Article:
Air conditioners are among the greatest consumers of electricity of all home appliances. While this is an inescapable fact, it is possible to buy an air conditioner today that is substantially more energy efficient than any air conditioner you could have purchased in the past. By combining the purchase of an air conditioner with a high Energy Star Energy Rating with informed and conscientious use of your air conditioner, you can drastically reduce your energy consumption.
Every brand and model of air conditioner must undergo a strict testing procedure before Energy Star gives it an Energy Rating. Unlike fridges, which cool a relatively small amount of well-insulated space, air conditioners must be able to cool and/or heat large, poorly insulated spaces in a wide variety of environments, ranging from extreme cold to extreme heat. For this reason, Energy Star labels for air conditioners are a little different from the Energy Rating labels on other consumer goods.
First, there are actually three different labels for air conditioners: one for heating, one for cooling and another combined label for heating and cooling. The only way to make accurate comparisons for reverse cycle air conditioners is to have dual labels, since one brand or model may cool very efficiently as compared to another but heat relatively inefficiently. Naturally, you would choose the model that had the highest Energy Rating for your needs.
In addition to the Energy Rating Stars across the top of the label, two kilowatt measurements are listed on Energy Star labels for air conditioners. The first is labelled Capacity Output kW, while the second one is labelled Power Input kW. An understandable question that might arise is: How can the Capacity Output be greater than the Power Input? In simple terms, the way that air conditioners cool warm air is through a technique called the Vapour Compression Cycle. This is a very energy efficient system that can move low grade heat three to five times faster than the energy that is used to run the compressor is moved (or consumed). The difference between these two movements of energy is called the Energy Efficiency Ratio (EER) on cooling systems and the Coefficient of Performance (COP) for heating systems. In a nutshell, the two numbers associated with Capacity Output and Power Input are the basis for the Energy Star rating given to air conditioners.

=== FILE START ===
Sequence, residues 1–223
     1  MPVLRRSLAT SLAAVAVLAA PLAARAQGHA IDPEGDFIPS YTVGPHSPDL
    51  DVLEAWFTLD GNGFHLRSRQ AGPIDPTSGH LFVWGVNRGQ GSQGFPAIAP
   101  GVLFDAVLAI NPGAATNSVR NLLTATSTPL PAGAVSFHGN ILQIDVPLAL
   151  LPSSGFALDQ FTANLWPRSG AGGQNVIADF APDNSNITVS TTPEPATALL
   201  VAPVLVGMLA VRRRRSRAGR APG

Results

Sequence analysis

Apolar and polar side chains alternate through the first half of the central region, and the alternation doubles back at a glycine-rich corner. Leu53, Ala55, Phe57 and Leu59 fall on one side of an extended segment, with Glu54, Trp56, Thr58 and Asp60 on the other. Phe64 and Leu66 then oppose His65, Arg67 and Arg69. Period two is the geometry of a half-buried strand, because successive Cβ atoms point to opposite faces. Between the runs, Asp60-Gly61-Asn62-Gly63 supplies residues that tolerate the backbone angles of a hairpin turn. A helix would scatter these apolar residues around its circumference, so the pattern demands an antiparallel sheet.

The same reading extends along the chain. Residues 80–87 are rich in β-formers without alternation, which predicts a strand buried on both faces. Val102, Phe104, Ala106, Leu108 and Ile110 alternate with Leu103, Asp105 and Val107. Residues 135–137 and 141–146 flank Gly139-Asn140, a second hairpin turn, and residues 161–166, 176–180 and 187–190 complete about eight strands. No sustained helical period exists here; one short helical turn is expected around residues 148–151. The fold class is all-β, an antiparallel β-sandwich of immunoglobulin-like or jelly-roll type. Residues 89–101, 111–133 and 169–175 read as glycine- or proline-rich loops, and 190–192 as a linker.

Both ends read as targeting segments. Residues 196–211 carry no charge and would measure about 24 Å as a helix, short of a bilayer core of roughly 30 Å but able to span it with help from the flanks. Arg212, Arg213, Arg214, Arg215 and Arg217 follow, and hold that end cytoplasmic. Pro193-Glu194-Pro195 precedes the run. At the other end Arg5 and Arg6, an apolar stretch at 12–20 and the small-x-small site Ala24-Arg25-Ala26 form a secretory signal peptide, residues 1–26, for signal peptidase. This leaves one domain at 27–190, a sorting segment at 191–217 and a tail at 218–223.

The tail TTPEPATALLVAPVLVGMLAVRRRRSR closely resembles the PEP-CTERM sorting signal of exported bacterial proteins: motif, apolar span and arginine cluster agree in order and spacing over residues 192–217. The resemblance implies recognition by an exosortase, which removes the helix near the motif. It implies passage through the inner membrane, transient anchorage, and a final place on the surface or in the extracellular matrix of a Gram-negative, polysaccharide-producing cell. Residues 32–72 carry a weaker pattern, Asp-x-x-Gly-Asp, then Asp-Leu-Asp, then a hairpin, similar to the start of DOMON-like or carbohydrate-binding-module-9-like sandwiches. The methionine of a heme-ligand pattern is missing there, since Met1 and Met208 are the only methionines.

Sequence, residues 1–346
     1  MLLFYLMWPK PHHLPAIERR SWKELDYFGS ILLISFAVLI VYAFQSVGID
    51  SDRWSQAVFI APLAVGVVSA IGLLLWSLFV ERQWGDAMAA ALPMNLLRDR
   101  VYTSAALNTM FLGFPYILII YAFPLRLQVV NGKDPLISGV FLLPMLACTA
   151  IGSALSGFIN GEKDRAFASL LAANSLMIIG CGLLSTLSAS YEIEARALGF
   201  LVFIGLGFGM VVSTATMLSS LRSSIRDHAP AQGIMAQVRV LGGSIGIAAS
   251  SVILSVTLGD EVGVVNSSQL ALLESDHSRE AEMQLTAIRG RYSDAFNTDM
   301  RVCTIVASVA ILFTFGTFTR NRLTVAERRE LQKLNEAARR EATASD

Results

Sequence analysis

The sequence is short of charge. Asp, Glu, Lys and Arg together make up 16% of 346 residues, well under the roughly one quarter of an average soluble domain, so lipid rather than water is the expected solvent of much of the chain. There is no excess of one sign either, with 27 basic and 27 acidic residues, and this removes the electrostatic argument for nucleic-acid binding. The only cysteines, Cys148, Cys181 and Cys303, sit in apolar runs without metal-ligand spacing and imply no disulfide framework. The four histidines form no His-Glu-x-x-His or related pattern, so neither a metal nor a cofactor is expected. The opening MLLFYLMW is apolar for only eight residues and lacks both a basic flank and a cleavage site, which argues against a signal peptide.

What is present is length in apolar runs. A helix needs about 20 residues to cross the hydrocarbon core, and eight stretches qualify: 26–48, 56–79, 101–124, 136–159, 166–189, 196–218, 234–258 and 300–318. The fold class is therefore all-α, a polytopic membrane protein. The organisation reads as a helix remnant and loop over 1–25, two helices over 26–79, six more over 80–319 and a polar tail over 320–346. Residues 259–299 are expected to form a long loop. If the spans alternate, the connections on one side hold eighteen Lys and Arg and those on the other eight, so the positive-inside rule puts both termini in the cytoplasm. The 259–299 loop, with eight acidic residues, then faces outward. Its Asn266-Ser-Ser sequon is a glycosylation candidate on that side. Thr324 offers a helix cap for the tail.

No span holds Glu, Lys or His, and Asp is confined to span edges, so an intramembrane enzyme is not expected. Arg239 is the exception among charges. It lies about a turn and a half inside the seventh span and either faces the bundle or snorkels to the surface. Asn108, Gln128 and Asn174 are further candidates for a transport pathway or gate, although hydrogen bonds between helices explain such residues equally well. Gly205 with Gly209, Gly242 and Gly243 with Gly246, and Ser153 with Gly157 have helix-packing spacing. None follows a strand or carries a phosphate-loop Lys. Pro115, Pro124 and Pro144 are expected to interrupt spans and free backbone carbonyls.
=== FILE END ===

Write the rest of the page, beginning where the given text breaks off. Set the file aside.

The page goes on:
Another important addition to the Energy Star label on air conditioners is the tick box for Variable Output Compressor. This is a new type of compressor that works very efficiently over time when the unit is operating at mid-power loads but inefficiently when the air conditioner is used only periodically with high bursts of power. Look for a tick in the “Yes” box if you live in a hot area where you are likely to be running your air conditioner constantly. If you only use your air conditioner occasionally, then you will get greater efficiency with a model that does not have this type of compressor.
When you browse through our catalogue of air conditioners, you will notice that some of them have an old Energy Rating, while others have a new Energy Rating. In 2000, Energy Star introduced more stringent energy efficiency ratings. Those air conditioners that have been rated according to the new system will often have lower Energy Ratings than those that were tested using the old system. The new labelling requirements from Energy Star only came into force in April 2010. Wherever possible, we have listed both ratings on our individual product description pages.